By guest blogger Dr. Divya Desai (CEAS, OTD, OTR/L)
Ergonomics is a science driven profession that attempts to maximize human performance while minimizing risk for injuries. The goal of an ergonomic intervention is to modify work to meet the needs of the worker – not the other way around. For instance, when a worker has a desk too high for his height, he may accommodate by raising his shoulders a bit. However, doing this day after day, for year may result in neck and upper back discomfort. The ergonomic intervention for this person would include lowering the desk or increasing the height of the chair (in addition to other modifications). When the work is adjusted to meet the workers’ needs, they are less likely to have aches, pains, discomfort or injury.
It is a common notion that ergonomics involves fitting a new office chair, but it is much more than that. There are many factors that influence how you sit at work and function: the type of keyboard-mouse, lighting or glare, your clothing and accessories, your lifestyle (sedentary or active). Ergonomics takes in to account these factors and suggests modifications based on expected final outcome, which may be to decrease discomfort, increase productivity, save on worker’s compensation premiums or all the above!
Essentially, all industries can and should incorporate ergonomics in their routine. For example, a hair stylist can use an anti-fatigue mat or adjustable sit-stand stool (pictured) and tools designed to promote efficient grasp and decrease hand pain.
On the other hand, an office worker may benefit from a foot rest to improve posture or have a document holder to minimize the repetitive motion of looking down at the document and up at the screen. In nutshell, ergonomics cannot have a cookie-cutter approach and is customized to meet individual needs.
Ergonomic Risk Factors
Some risk factors increase the likelihood of ergonomic injuries, also known as work-related musculoskeletal disorders. Ergonomic injuries can include back, neck, or shoulder pain, carpal tunnel syndrome or other symptoms, like numbness in the arms or legs and swelling in the legs. These risk factors are as follows:
How does Ergonomics help?
Ergonomic intervention will help you identify the risk factors in your work environment. Some risk factors are related to the person; for example, your tendency to lean forward when working or not taking breaks to stretch. Some consultants, like those at Pro Ergonomic Consultants, promote positive lifestyle changes geared at changing personal habits to decrease the risk. Interventions may include teaching stretching exercises or safe lifting techniques, providing resources that help you to remember to take a break and stretch, or educating on the risk factors specific to you – and how to alleviate them.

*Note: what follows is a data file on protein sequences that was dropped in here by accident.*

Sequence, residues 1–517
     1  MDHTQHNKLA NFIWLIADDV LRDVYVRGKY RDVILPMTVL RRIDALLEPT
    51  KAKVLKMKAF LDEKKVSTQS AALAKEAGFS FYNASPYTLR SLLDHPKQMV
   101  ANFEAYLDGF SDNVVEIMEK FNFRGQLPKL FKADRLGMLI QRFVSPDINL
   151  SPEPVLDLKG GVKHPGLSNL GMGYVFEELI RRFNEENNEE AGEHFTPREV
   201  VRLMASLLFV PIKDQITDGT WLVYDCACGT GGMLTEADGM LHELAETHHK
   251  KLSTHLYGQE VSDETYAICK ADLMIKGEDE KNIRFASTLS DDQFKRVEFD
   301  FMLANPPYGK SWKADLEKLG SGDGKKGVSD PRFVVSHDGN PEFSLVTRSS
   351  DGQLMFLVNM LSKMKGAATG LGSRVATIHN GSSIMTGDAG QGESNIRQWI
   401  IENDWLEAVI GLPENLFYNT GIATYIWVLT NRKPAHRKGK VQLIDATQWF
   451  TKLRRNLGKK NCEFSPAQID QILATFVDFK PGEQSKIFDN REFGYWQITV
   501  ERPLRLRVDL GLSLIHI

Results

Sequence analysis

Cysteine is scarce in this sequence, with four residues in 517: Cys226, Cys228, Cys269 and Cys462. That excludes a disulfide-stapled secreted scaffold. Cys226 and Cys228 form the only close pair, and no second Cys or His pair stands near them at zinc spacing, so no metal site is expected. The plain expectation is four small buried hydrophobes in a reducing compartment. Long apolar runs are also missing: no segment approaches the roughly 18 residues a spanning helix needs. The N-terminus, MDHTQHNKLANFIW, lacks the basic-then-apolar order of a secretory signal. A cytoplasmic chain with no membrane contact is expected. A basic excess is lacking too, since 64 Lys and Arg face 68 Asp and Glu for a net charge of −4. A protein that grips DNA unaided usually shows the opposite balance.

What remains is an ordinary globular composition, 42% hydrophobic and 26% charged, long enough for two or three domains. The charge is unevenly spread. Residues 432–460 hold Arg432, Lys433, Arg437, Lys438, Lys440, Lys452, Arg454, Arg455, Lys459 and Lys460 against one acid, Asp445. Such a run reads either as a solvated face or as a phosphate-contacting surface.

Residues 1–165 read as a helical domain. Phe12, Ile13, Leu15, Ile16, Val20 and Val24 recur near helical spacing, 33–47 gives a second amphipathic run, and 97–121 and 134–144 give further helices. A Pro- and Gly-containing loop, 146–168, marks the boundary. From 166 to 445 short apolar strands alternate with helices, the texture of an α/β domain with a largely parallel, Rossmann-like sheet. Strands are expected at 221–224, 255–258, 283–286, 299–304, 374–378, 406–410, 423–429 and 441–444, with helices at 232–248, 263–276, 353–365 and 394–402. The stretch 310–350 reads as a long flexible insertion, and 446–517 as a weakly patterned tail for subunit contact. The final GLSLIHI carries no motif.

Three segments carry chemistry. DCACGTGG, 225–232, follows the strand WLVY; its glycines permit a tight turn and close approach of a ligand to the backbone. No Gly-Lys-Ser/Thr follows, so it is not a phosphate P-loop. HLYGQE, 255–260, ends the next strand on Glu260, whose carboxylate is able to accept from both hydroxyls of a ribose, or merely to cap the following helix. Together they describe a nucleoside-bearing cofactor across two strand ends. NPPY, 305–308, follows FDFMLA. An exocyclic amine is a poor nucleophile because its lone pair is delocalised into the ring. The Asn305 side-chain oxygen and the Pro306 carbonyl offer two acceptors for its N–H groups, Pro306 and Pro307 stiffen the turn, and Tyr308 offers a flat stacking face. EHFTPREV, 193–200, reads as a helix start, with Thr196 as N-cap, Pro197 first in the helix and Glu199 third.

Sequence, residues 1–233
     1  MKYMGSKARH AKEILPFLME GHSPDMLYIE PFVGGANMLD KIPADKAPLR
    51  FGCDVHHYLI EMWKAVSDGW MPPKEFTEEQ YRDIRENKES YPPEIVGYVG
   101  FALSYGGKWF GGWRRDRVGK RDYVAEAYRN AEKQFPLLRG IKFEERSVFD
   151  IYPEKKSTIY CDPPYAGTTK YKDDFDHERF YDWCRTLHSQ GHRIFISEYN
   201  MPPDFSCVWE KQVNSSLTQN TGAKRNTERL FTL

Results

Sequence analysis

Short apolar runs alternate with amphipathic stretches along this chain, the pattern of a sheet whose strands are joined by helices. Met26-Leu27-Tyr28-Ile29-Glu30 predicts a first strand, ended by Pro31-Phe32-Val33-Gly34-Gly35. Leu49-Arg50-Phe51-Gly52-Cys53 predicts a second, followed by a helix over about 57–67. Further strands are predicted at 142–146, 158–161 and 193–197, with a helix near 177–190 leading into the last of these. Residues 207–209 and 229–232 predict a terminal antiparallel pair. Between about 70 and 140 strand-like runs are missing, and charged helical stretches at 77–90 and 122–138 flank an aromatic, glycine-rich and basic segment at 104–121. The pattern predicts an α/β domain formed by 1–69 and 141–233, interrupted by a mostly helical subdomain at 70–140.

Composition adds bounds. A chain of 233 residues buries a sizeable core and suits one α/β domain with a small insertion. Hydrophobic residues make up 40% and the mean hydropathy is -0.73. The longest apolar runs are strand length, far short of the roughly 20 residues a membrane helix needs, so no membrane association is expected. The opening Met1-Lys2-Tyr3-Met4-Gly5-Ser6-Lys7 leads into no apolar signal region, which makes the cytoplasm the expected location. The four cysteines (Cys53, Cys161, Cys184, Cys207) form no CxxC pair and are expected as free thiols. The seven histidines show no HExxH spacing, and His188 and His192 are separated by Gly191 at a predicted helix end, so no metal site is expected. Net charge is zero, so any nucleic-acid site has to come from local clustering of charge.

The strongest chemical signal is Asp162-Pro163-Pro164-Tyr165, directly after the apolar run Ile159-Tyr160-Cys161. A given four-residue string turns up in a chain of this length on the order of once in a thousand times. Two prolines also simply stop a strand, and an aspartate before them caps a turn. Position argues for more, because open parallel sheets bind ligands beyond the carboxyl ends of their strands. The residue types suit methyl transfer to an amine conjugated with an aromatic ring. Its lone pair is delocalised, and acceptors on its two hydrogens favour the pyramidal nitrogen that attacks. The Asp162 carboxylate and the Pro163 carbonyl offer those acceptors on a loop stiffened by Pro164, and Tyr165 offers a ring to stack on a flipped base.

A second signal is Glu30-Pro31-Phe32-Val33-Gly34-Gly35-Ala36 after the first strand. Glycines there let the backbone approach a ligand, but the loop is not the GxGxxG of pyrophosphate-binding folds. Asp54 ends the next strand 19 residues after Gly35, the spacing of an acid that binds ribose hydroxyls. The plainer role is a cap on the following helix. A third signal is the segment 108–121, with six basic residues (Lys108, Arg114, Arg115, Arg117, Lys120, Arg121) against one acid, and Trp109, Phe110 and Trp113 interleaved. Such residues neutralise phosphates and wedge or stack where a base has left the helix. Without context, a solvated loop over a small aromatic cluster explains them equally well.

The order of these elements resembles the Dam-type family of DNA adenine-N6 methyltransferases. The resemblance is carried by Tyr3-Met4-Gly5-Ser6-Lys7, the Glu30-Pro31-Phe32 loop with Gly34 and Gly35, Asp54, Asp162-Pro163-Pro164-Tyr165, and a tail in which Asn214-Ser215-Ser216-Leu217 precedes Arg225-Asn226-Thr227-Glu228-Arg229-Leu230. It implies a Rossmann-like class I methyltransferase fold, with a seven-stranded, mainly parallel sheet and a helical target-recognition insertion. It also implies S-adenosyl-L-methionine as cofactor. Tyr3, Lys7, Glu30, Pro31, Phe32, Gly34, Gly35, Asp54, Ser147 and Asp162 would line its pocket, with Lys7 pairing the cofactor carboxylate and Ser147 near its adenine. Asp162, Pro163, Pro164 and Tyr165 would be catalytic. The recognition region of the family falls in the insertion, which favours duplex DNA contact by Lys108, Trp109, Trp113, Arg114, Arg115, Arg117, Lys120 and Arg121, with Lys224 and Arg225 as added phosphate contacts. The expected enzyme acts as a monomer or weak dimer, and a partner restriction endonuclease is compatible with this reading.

There are factors in the environment that can also be modified. Adjusting the height of your chair can improve posture, adjusting the height of a conveyor belt can reduce the amount of bending required to perform a task, and incorporating a “standing” meeting into your schedule can promote movement. Eye strain can be reduced by adjusting the tilt of your monitor to reduce glare and testing your eye dominance (yes, that’s a thing!) can better position your primary and secondary monitors appropriately.
Is Ergonomic intervention expensive?
Not necessarily. Sometimes, all it takes is a personal commitment to exercise daily, and sometimes it means using an ergonomic keyboard (which you can get for as little as $40). An ergonomic consultant can help you identify your risk factors and work with your budget to get the most out of your investment. It is worth noting that the cost of carpal tunnel syndrome surgery will be a lot more expensive than getting an ergonomic chair and keyboard! A recent study published by California Workers Compensation Institute (2017) reported that 60% of workers’ spinal fusions were reported initially as strains. If ergonomic intervention is implemented at the onset of these issues, it can save your business from very expensive medical costs. The OSHA website gives an estimated cost of an ergonomic injury and additional sales required to offset that cost. The 1- and 3-year ROI and payback period can be determined with this Cornell University Ergonomic ROI Estimator.
So how many ergonomic risk factors can you identify in your workplace? What are you doing to alleviate those factors?
Dr. Divya Desai (CEAS, OTD, OTR/L) is an occupational therapist, certified Ergonomic Assessment Specialist and president of Pro Ergonomic Consultants. Please feel free to contact her with any questions related to ergonomics or Pro Ergonomic Consultants’ services, or connect via Facebook, LinkedIn and Twitter.